Horizon West henna artist creates designs from the heart

Horizon West resident and henna artist Kesha Patel finds her creative outlet and self-expression in the ancient art form.

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  • | 11:41 a.m. July 8, 2020
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If someone woke Kesha Patel at 2 a.m. and asked her for a henna design, she wouldn’t be mad.

Instead, she would gladly mix up a henna cone and go to work on the blank canvas in front of her.

Like many artists, Patel is passionate about her craft and proud of her work. The Horizon West resident and henna artist has been creating henna since she was a little girl growing up in India.

Henna is a dye prepared from the plant Lawsonia inermis, a flowering plant that can be found in hot climates such as Pakistan, India and Australia. It contains lawsone, a reddish-orange dye that binds to the skin’s keratin and safely stains it — resulting in a temporary tattoo.

As a child, Patel and her friends plucked the leaves from the henna plant and created the dye themselves before going to work drawing out designs on one another.

“I loved to draw, that was my hobby when I was little,” she said. “I used to draw when I was in school. We had special subjects like drawing, and I did it very well, so that inspired me to do henna, too, when I get some cones of henna. … The color, when you see the color on your hand, it looks very nice. I love henna.”

Over the years, Patel’s practice has served her well. Her friends and family always come to her to have their henna done — whether it’s for special occasions or just for fun. 

Patel gets her henna powders from India and mixes in essential oils to create the henna base. Then, she fills the plastic cones, like one would with frosting prior to icing a cake.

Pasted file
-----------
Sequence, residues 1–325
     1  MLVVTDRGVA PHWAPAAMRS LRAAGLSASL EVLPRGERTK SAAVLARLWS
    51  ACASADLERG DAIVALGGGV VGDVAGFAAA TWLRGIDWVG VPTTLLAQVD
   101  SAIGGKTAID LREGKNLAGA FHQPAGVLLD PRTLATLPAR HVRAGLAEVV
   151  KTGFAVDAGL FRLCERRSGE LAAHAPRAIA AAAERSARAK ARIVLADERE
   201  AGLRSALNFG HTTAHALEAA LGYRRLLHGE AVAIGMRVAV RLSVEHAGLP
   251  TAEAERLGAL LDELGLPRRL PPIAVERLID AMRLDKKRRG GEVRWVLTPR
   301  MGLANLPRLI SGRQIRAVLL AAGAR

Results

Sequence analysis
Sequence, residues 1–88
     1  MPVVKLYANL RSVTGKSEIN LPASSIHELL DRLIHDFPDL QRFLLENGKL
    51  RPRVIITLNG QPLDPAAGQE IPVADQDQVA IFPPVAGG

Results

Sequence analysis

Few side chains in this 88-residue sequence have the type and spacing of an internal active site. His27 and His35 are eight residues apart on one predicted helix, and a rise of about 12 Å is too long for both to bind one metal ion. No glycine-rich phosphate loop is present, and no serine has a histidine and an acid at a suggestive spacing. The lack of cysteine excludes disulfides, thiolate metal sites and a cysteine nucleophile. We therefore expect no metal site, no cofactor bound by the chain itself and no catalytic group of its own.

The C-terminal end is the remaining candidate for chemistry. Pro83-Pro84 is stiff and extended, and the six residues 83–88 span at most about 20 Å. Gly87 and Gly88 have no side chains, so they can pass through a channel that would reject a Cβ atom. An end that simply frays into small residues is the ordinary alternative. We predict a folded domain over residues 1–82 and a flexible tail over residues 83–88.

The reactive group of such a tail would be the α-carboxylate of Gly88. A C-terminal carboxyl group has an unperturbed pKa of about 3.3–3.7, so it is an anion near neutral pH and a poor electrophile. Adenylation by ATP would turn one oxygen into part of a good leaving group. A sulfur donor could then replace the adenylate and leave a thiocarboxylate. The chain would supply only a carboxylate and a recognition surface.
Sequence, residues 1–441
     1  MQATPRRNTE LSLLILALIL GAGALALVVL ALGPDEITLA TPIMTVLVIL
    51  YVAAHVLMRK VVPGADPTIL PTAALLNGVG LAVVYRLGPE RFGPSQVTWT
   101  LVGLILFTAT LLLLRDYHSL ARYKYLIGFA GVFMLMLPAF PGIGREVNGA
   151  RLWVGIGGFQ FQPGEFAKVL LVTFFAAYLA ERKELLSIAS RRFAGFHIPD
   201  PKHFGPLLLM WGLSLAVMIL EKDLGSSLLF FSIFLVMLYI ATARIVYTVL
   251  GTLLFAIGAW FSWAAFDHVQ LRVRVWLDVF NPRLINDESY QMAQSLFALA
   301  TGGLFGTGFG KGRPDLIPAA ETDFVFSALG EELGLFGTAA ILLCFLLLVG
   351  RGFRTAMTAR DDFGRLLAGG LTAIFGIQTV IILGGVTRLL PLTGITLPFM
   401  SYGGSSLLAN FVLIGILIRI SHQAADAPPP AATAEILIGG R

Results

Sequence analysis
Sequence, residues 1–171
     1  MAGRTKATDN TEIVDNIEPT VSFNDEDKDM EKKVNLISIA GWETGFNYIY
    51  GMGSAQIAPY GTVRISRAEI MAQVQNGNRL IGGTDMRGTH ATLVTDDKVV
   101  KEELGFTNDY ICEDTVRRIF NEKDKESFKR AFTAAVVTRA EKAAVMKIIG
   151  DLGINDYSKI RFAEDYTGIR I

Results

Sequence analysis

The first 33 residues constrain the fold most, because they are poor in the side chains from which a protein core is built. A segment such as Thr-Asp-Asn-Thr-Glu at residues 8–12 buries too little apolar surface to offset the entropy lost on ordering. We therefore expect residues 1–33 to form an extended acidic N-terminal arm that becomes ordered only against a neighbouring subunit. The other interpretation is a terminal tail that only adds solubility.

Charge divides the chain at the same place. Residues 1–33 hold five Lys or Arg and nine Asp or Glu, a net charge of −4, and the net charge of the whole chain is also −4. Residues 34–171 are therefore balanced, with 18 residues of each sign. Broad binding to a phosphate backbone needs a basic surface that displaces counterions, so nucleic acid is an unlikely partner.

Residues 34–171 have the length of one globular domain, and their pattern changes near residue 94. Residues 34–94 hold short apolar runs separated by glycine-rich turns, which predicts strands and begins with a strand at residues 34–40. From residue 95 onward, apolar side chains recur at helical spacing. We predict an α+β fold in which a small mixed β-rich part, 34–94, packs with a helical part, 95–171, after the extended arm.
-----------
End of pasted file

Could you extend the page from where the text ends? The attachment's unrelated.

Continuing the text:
“I don’t use any dyes, no chemicals,” she said. “My henna is totally pure and natural. … (With) real tattoos, it’s for your whole life. But the henna is not forever — it’s like two weeks, and you can enjoy it for two weeks and you can do a different design every time. The other thing is it’s not painful.”

When she lived in India and wasn’t working, she passed time by doing henna on others for fun. After moving to the United States more than a decade ago so her sons could go to school here, her family members encouraged her to try doing henna for a living.

“I started doing it for people, and then people liked my work,” she said. “One of my friends when I was in India is a very well-known henna artist, so I learned from her also. I love henna, and when I came here, I started doing it for my living. I got phone calls from everywhere, and I travel everywhere for henna. My husband had me open my own website. Now I specialize for brides, and when I moved here, popular makeup artists called me and they wanted me to join with them.”

Her favorite type of henna to do is bridal patterns. In India, most brides get extensive henna patterns done on the hands and feet that go to the elbows and sometimes the knees. Guests might also receive smaller designs on the backs of their hands.

Kesha Patel’s designs can be as intricate as the client wishes.
Kesha Patel’s designs can be as intricate as the client wishes.

It could take from eight to nine hours for Patel to complete an intricate bridal pattern, but she never tires of it. In fact, she’s learning new henna techniques, such as portrait henna. She can take a passport-size photo, trace it on paper and then recreate the portrait on a client’s hand.

Although she’s only been in the Horizon West area since October, Patel already is starting to build up a clientele. However, COVID-19 threw a wrench in that progress earlier this year.

“I was working with some popular makeup artists, and then unfortunately this thing came up in March,” she said. “It’s very hard for everybody. And all the weddings got canceled. Still, I put it on NextDoor, and I get some little parties, like the girls get together and call me for henna.”

Designs can take anywhere from a few minutes to a few hours, depending on the size and intricacy of the pattern requested. Sometimes, Patel said, clients come in with a design they want, and she recreates it. Other times, they let her create her own artwork.

Creating henna for a living isn’t always easy — especially during a global pandemic that interrupted various special events people might request henna for — but it’s the love of the art and support of her family that keeps Patel going. 

“My husband — he always supports me,” she said. “He has been very much by my side and … he always helps me a lot in this business because he knows that I love this. My kids always look out for me, and they also take care of me very well. With my husband and kids’ support, I’m able to do this. … I don’t feel like I’m working for my living. I enjoy doing it.”



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